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In this collection of articles, Kari Elisabeth Børresen and Kari Vogt point out the convergence of androcentric gender models in the Christian and Islamic traditions. They provide extensive surveys of recent research in women's studies, with bio-socio-cultural genderedness as their main analytical category. Matristic writers from late Antiquity, the Middle Ages and the Renaissance are analysed in terms of a female God language, reshaping traditional theology. The persisting androcentrism of 20th-century Christianity and Islam, as displayed in institutional documents promoting women's specific functions, is critically exposed. This volume presents a pioneering investigation of correlated Christian and Islamic gender models which has hitherto remained uncompared by women's studies in religion. This work will serve scholars and students in the humanistic disciplines of theology, religious studies, Islamic studies, history of ideas, Medieval philosophy and women's history.
In his Problemata, Aristotle provided medieval thinkers with the occasion to inquire into the natural causes of the sexual desires of men to act upon or be acted upon by other men, thus bringing human sexuality into the purview of natural philosophers, whose aim it was to explain the causes of objects and events in nature. With this philosophical justification, some late medieval intellectuals asked whether such dispositions might arise from anatomy or from the psychological processes of habit formation. As the fourteenth-century philosopher Walter Burley observed, "Nothing natural is shameful." The authors, scribes, and readers willing to "contemplate base things" never argued that they were not vile, but most did share the conviction that they could be explained. From the evidence that has survived in manuscripts of and related to the Problemata, two narratives emerge: a chronicle of the earnest attempts of medieval medical theorists and natural philosophers to understand the cause of homosexual desires and pleasures in terms of natural processes, and an ongoing debate as to whether the sciences were equipped or permitted to deal with such subjects at all. Mining hundreds of texts and deciphering commentaries, indices, abbreviations, and marginalia, Joan Cadden shows how European scholars deployed a standard set of philosophical tools and a variety of rhetorical strategies to produce scientific approaches to sodomy.
In Gendering Disgust in Medieval Religious Polemic, Alexandra Cuffel analyzes medieval Jewish, Christian, and Muslim uses of gendered bodily imagery and metaphors of impurity in their visual and verbal polemic against one another. Drawing from a rich array of sources--including medical texts, bestiaries, Muslim apocalyptic texts, midrash, biblical commentaries, kabbalistic literature, Hebrew liturgical poetry, and theological tracts from late antiquity to the mid-fourteenth century--Cuffel examines attitudes toward the corporeal body and its relationship to divinity. She shows that these religious traditions shared notions of the human body as distasteful, with many believers viewing corporeality and communion with the divine as incompatible. In particular, she explores how authors from each religious tradition targeted the woman's body as antithetical to holiness. Foul smell, bodily fluids and states, and animals were employed by these religious communities as powerful tropes, which they used to mark their religious opponents as sinful, filthy, and unacceptable. By defining and denigrating the religious "other," each group wielded bodily insult as a means of resistance, of inciting violence, and of creating community boundaries. Representations of impurity or filth designed to inspire revulsion served also to reassure audiences of their religious and sometimes physical superiority and to encourage oppressive measures toward the minority. Yet, even in the midst of opposing one another, their very polemic demonstrates that Jews, Christians, and Muslims held basic cultural assumptions and symbols in common while inflecting their meanings differently. "Alexandra Cuffel's bold study interprets the inter-religious polemic of medieval Jews, Christians and Muslims in the context of late-antique disgust for the body, especially the female body, shared by all three traditions. This will be a very influential book for medievalists in many fields." --E. Ann Matter, University of Pennsylvania "With Gendering Disgust in Medieval Religious Polemic, Alexandra Cuffel has produced a remarkably original, ambitious, and important book that sets the agenda for future discussions." --Peter Biller, University of York "'Filth,' 'putrid,' 'excrement,' 'foul,' 'bloody discharge,' 'stench,'--as these and other terms of physical and moral revulsion unfold Gendering Disgust grabs our attention and refuses to let go. Alexandra Cuffel offers her readers a riveting and enlightening comparative socio-religious study of the body's place in religious polemic from late antiquity and the early Middle Ages to the thirteenth century. It is a singularly engaging and disturbing study highlighting the polemical lexicon and registers shared by pagans, Jews, Christians, and Muslims." --Ross Brann, Cornell University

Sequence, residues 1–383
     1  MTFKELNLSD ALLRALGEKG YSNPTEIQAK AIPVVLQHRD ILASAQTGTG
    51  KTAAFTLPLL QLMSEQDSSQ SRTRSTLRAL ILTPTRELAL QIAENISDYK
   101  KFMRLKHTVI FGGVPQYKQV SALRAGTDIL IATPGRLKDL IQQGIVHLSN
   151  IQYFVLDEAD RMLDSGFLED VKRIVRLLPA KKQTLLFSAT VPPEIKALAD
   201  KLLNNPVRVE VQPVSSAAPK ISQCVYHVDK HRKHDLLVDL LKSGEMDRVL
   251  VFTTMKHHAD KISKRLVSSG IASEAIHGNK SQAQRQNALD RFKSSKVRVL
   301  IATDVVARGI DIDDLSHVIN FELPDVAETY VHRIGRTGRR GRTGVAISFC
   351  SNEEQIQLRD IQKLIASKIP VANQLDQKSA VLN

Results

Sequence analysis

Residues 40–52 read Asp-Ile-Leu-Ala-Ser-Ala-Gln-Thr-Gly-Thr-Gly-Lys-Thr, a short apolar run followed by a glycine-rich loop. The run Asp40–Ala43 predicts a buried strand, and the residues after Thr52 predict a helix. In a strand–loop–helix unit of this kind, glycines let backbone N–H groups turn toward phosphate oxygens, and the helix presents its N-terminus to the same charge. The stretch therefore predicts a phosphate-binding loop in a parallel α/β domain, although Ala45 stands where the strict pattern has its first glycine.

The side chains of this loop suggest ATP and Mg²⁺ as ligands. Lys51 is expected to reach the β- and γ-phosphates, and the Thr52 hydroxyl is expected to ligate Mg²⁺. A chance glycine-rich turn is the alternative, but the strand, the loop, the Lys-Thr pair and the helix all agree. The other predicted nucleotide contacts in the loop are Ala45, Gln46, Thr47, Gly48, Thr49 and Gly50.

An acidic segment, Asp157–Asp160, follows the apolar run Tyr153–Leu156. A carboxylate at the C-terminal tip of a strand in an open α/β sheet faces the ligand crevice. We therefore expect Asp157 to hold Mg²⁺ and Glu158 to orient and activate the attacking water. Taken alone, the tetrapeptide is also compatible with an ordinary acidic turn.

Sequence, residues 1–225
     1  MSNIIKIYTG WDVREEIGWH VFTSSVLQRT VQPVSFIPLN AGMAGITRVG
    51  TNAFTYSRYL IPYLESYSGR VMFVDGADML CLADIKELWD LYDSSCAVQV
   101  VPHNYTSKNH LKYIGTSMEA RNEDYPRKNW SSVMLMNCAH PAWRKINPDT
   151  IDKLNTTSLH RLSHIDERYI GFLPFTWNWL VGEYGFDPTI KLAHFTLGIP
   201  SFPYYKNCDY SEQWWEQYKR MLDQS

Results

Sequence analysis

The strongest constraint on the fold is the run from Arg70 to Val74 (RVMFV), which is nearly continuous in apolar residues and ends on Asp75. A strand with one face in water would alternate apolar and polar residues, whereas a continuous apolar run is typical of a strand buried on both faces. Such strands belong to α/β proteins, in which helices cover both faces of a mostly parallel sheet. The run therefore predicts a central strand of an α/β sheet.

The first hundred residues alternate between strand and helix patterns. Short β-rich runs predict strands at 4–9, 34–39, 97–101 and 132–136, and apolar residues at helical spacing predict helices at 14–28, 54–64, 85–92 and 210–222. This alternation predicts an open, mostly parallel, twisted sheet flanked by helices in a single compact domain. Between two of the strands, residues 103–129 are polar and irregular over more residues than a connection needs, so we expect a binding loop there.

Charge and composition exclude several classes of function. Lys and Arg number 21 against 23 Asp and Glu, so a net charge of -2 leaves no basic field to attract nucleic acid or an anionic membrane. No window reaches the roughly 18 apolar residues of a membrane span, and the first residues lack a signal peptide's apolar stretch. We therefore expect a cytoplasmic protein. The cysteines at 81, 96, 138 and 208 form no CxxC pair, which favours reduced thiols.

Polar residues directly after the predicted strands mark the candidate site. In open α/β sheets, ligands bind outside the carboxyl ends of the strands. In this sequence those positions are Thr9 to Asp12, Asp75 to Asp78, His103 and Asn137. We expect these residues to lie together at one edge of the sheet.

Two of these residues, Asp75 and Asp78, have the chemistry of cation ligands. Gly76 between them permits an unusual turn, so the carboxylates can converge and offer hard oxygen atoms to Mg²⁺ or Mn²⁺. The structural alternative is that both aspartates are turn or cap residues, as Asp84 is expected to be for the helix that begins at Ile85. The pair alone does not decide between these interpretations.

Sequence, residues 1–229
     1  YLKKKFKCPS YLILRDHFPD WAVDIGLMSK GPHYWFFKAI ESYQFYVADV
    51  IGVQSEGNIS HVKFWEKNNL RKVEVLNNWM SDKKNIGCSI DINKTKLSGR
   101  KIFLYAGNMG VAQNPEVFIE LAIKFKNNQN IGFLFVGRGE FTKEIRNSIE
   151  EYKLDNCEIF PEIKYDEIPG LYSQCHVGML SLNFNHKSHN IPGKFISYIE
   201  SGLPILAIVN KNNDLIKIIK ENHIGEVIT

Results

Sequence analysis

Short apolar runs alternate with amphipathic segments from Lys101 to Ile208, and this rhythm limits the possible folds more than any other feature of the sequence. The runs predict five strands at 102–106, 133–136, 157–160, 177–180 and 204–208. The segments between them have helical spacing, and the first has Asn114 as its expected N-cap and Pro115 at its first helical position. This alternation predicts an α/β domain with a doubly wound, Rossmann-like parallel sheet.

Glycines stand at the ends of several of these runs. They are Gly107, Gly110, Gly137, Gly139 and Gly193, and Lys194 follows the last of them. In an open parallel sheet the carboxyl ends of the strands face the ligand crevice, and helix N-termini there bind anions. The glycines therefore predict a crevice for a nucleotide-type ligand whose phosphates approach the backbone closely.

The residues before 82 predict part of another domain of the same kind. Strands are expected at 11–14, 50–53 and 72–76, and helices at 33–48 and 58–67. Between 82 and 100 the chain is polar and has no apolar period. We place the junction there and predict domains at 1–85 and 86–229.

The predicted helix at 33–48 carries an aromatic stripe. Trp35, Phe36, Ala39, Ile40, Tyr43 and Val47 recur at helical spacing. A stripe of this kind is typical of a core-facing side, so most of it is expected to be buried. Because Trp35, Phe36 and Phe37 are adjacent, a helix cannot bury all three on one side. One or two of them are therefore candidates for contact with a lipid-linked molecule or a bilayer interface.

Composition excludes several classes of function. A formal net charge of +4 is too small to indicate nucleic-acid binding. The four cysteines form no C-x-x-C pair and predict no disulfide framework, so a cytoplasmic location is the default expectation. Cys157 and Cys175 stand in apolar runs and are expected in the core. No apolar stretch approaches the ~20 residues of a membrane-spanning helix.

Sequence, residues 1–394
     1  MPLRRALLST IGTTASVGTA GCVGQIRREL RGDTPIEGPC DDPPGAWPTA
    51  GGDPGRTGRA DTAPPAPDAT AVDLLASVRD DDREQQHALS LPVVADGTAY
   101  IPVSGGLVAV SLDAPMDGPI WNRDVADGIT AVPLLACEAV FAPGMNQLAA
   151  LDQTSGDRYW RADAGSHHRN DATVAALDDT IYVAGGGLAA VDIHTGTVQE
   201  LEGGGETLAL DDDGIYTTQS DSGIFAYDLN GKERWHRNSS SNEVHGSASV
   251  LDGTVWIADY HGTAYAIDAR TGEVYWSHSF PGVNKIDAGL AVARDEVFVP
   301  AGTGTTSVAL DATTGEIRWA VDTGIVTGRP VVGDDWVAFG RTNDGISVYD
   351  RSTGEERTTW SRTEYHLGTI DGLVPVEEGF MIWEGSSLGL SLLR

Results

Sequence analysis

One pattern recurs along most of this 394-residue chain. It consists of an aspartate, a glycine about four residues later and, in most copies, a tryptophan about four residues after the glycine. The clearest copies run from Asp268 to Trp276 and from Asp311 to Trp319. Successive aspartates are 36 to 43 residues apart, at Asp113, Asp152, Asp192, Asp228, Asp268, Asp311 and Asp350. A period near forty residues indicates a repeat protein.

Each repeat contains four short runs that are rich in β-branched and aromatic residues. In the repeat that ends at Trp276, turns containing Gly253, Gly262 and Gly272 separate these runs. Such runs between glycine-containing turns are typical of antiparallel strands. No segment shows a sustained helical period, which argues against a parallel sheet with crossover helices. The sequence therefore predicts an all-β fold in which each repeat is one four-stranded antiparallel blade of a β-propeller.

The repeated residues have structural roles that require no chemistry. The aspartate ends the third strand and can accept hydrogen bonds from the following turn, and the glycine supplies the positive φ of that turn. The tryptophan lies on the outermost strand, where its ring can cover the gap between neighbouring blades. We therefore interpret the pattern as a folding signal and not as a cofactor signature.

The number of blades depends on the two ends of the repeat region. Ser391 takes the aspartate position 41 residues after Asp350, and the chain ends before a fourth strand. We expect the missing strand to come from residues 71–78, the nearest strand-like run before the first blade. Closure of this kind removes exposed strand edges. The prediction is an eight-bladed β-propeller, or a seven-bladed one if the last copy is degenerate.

"This is the second in a projected three-volume series which will be the standard for the English-speaking world when completed. This series will constitute a major, comprehensive bibliography of English-language works (over 4,100 will be cited in all) on women in Africa for the period 1976-1985; a follow-up volume (targeted for publication in 1993) will cover the years 1986-1990. . . . In Volumes 2 and 3, arrangement is by subject within both regional and national categories. Items are cross-referenced for maximum coverage. . . . Required for college and university libraries supporting African studies programs." Choice